Even taking into account that Sanders lives next door in Vermont, Clinton probably shouldn’t be behind by 17 percentage points in the New Hampshire polling average right now.“
Did you see that? I know you saw it, right? If you didn’t, let me break down what they seemingly just blatantly did.
“Sometimes votes have clear outcomes and sometimes they don’t. Monday’s Iowa Democratic caucuses are an example of the latter. Hillary Clinton seems to have barely beaten Bernie Sanders in the closest Iowa Democratic caucus ever after holding a small lead in most Iowa polls before the caucuses…”
Again, a dismissal of the fact that Sanders was down up-to 60 points initially.
Now I know what you’re thinking: “Come on, Tim. It’s FiveThirtyEight. It’s mathematical analysis. Math isn’t bias toward any particular person. You’re reading too much into this.“
You think so? Ok, let’s continue. Then they said:
“That means Iowa probably hasn’t reshaped the Democratic race for president and Clinton remains the favorite.”
Again, a dismissal of the fact that Sanders was down up-to 60 points initially and also attempting to make him coming back to tie from that far down her is insignificant.
Now you’re probably saying, “I mean, she did win, so it’s an easy argument to make that she remains the favorite, seeing as though she was the favorite before the caucuses.“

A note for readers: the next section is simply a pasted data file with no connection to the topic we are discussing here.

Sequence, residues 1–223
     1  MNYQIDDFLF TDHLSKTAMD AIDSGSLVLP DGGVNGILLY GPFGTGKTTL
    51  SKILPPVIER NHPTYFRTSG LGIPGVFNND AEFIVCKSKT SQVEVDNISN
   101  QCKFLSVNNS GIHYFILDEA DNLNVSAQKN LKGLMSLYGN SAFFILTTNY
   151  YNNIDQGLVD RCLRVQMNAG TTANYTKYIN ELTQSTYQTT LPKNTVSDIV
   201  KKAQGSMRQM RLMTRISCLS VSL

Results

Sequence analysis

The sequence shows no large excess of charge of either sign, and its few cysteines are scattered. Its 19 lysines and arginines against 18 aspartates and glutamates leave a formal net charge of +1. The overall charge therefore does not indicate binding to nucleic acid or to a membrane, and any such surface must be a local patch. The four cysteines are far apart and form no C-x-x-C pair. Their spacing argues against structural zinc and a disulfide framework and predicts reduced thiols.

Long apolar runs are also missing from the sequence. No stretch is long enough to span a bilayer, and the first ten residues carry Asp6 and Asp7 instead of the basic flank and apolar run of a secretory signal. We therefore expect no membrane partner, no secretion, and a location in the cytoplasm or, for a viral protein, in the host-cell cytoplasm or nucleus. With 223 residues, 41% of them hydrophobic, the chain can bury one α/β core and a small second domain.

Very legitimate argument. But then, look at what they said in the next paragraph:
But neither Clinton nor Sanders did so well as to make me think either candidate will gain momentum heading into the New Hampshire primary next week. Sanders is likely to win in the Granite State — he has either an 89 percent chance or a 96 percent chance of winning there, depending on whether you look at FiveThirtyEight’s polls-plus forecast or polls-only forecast.
Still, the results in Iowa suggest that polls in New Hampshire may tighten. That’s because the states look similar demographically. Even taking into account that Sanders lives next door in Vermont, Clinton probably shouldn’t be behind by 17 percentage points in the New Hampshire polling average right now.“
I was pretty much done then. I couldn’t read much more and stopped at the beginning of the next paragraph of the piece.
Now, again, I know what you’re probably thinking: ‘Just because the piece is on the page doesn’t mean they are necessarily connected to the website. They can be a contributing writer who just does op-eds.’